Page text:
Ismael El Iraki is a Moroccan filmmaker who has been living in France for more than two decades, and the first feature film he shot was washed away by a tragic event that he survived by sheer luck. El Iraki was one of the audience at the Eagles of Death Metal concert at the Bataclan in Paris when Islamist terrorists burst in and started shooting at random, killing 90 people there. Admittedly, “Zanka Contact” has nothing to do with that terrible event and the film premiered in the Horizons section of the Venice festival could almost be described as a modern urban rock western, a modernist carousel set in Casablanca, the Moroccan city most famous for the film.
I had the impression that this somewhat cartoonish crime comedy was made under the influence of Quentin Tarantino or even more so Robert Rodriguez and “Zanka Contact” was a completely atypical Arab film. The very term zanka contact could be translated as a street fight, and by sheer chance in Casablanca, the paths of the failed Moroccan rock star Larsen Snake and the angelic-voiced prostitute Raja will meet. In the opening scenes, we see that Larsen’s hard rock band Snakepit was once extremely popular, but in the meantime he has completely destroyed himself with drugs. The return from London to Casablanca won’t exactly go well, but then a wild romance will flare up, a bit like Lynch’s (and he is an obvious influence on El Iraki) “Wild at Heart”.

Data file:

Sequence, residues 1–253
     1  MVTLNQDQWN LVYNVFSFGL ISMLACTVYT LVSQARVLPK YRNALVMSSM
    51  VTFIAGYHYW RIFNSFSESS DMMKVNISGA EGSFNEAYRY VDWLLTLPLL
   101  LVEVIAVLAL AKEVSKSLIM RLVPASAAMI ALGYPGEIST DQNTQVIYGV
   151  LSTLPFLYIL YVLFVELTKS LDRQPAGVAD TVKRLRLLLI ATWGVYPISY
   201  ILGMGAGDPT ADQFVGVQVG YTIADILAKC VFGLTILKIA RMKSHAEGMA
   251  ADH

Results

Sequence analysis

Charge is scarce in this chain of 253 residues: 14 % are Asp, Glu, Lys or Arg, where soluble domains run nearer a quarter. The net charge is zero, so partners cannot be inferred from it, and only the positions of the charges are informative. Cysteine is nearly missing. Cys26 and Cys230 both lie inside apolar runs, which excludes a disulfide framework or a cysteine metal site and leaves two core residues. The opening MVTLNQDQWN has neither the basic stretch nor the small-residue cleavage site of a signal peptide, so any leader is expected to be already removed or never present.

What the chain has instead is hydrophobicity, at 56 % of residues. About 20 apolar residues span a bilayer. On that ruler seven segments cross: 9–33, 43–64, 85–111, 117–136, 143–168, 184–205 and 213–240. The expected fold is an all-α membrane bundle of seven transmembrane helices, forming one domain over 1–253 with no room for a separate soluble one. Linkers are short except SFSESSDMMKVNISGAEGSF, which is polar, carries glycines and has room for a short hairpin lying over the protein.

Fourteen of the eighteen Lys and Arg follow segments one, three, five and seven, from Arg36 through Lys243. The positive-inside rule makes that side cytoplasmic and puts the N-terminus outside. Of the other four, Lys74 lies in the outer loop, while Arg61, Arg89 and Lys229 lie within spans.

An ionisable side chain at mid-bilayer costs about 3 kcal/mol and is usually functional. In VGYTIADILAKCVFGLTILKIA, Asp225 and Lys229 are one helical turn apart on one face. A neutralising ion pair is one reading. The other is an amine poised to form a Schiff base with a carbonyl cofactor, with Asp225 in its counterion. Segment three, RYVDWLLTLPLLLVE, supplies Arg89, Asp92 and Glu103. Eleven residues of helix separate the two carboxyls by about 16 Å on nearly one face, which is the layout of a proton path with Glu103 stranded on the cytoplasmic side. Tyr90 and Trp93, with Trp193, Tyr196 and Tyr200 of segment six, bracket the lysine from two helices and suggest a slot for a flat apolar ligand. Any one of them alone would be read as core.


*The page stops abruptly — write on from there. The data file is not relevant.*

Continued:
Of course, it won’t be that easy because both Larsen and Raja have personal demons and are haunted by the past, and while in the vast majority of Arab films the musical selection is some of their howling jingles, here everything blares with angry rock’n’roll. Larsen is inseparable from his guitar (unless they steal it) and snakeskin boots (which he will also steal), and when he realizes that Raja has a voice like Paula Abdul, he will not only fall more in love, but realize that with her he could revive his failing career. We also have an actual performance by the German heavy rock band Kadavar (the beards are dusting well!), and it is an extremely fast-paced, rather frivolous and playful film.